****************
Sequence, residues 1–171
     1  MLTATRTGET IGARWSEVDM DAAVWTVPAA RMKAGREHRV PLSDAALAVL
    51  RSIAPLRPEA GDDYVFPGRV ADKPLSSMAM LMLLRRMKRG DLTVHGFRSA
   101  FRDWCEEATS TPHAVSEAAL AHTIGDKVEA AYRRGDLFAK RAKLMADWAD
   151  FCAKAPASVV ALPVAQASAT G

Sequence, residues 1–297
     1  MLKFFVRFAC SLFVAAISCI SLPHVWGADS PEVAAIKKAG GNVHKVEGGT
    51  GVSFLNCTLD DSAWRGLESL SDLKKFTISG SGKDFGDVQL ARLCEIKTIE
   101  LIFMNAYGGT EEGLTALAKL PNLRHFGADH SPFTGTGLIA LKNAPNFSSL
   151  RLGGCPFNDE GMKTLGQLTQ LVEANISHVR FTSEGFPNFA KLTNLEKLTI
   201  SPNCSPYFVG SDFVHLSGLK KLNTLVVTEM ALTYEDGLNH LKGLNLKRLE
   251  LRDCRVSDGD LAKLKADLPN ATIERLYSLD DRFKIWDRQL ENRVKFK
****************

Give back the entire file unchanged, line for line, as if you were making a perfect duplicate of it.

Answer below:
Sequence, residues 1–171
     1  MLTATRTGET IGARWSEVDM DAAVWTVPAA RMKAGREHRV PLSDAALAVL
    51  RSIAPLRPEA GDDYVFPGRV ADKPLSSMAM LMLLRRMKRG DLTVHGFRSA
   101  FRDWCEEATS TPHAVSEAAL AHTIGDKVEA AYRRGDLFAK RAKLMADWAD
   151  FCAKAPASVV ALPVAQASAT G

Sequence, residues 1–297
     1  MLKFFVRFAC SLFVAAISCI SLPHVWGADS PEVAAIKKAG GNVHKVEGGT
    51  GVSFLNCTLD DSAWRGLESL SDLKKFTISG SGKDFGDVQL ARLCEIKTIE
   101  LIFMNAYGGT EEGLTALAKL PNLRHFGADH SPFTGTGLIA LKNAPNFSSL
   151  RLGGCPFNDE GMKTLGQLTQ LVEANISHVR FTSEGFPNFA KLTNLEKLTI
   201  SPNCSPYFVG SDFVHLSGLK KLNTLVVTEM ALTYEDGLNH LKGLNLKRLE
   251  LRDCRVSDGD LAKLKADLPN ATIERLYSLD DRFKIWDRQL ENRVKFK